The new Charles Bunnell exhibit at the Colorado Springs Fine Arts Center isn’t dazzling. But it is amazing! Bunnell was a hugely important figure in the history of the Broadmoor Academy and tended to absorb all of his influences with a fluidity of style the both imitated and expanded beyond them. What you get from the show, more than anything, is a broad overview of just a slice of the amazing work that was being done here in the Pikes Peak region during the first half of the 20th Century. And if you weren’t aware that was going on, then this show is a great place to start. Here’s a taste of some of the aesthetic changes from landscape to abstraction that he went through in his career:

Charles Bunnell, "Abstract Cityscape," 1951, oil on board. Collection of Cyrus Moffett.

Charles Bunnell, “Abstract Cityscape,” 1951, oil on board. Collection of Cyrus Moffett.

Charles Bunnell, "Contrasts," 1928, oil on canvas. Collection of James and Virginia Moffett

Charles Bunnell, “Contrasts,” 1928, oil on canvas. Collection of James and Virginia Moffett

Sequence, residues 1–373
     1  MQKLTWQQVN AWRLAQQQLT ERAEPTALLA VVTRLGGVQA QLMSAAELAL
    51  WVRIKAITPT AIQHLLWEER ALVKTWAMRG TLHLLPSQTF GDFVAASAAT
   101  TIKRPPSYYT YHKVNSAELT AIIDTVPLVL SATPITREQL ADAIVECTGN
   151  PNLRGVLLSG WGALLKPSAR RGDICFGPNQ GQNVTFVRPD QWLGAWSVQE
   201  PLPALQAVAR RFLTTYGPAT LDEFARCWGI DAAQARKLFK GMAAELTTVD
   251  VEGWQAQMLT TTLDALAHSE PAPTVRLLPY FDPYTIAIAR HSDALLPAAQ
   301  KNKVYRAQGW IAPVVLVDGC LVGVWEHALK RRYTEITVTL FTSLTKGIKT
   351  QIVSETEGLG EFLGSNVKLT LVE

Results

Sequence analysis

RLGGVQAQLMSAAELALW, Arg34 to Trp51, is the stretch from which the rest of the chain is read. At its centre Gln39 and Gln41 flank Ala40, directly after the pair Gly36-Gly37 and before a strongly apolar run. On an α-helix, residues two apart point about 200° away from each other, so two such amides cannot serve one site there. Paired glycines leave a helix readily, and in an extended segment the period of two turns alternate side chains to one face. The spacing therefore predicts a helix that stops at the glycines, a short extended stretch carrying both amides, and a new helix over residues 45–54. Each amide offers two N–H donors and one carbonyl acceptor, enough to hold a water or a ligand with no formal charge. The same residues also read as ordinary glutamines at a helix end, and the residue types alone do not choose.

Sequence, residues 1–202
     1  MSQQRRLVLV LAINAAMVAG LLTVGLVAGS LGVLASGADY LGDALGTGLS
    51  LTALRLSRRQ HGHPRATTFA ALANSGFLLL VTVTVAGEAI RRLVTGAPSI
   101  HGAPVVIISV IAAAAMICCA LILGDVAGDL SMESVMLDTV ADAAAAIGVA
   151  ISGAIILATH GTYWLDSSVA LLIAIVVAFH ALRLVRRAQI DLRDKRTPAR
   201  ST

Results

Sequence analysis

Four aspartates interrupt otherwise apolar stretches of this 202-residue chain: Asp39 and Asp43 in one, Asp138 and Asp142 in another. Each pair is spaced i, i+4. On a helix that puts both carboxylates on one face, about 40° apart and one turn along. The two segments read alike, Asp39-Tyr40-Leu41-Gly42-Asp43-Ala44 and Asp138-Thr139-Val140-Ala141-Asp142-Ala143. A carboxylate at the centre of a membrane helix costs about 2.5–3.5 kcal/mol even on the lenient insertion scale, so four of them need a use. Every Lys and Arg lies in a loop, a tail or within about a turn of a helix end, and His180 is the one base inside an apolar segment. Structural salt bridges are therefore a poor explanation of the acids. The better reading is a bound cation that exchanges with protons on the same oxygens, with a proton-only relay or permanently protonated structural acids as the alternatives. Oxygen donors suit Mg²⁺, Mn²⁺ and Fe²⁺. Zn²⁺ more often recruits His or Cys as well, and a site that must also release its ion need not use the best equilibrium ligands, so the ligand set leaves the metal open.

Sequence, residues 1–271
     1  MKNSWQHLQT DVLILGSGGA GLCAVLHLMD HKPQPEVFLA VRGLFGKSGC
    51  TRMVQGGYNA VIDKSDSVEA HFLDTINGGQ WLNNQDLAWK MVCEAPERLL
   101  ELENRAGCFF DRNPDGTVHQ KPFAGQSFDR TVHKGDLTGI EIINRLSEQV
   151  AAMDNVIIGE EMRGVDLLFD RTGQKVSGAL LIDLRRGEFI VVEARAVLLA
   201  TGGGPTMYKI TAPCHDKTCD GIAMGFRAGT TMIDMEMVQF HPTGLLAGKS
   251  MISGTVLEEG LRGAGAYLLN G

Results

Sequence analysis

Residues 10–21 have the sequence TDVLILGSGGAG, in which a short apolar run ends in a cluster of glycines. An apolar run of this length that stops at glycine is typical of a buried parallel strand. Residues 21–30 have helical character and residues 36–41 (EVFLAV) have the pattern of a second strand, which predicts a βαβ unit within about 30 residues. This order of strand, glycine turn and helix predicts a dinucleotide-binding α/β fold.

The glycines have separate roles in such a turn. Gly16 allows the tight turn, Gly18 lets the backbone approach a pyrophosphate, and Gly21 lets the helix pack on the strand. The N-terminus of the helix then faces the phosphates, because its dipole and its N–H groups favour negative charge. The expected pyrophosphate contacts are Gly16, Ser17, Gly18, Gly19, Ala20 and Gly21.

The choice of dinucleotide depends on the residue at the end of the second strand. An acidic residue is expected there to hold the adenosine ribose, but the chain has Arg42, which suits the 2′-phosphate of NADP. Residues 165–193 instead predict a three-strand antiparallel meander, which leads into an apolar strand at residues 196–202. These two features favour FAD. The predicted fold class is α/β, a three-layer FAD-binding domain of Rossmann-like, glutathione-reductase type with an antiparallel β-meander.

Charles Bunnell, "Indian Dancers," 1954, Oil on board. Collection of the Colorado Springs Fine Arts Center, Gift of the Area Arts Foundation, Amarillo, Texas, FA1972.98

Charles Bunnell, “Indian Dancers,” 1954, Oil on board. Collection of the Colorado Springs Fine Arts Center, Gift of the Area Arts Foundation, Amarillo, Texas, FA1972.98

Charles Bunnell, "Peace," 1961, oil on canvas. Collection of James and Virgina Moffett.

Charles Bunnell, “Peace,” 1961, oil on canvas. Collection of James and Virgina Moffett.

Charles Bunnell, "Self Portrait," 1963, gouache on paper. Collection of James and Virginia Moffett.

Charles Bunnell, “Self Portrait,” 1963, gouache on paper. Collection of James and Virginia Moffett.

 

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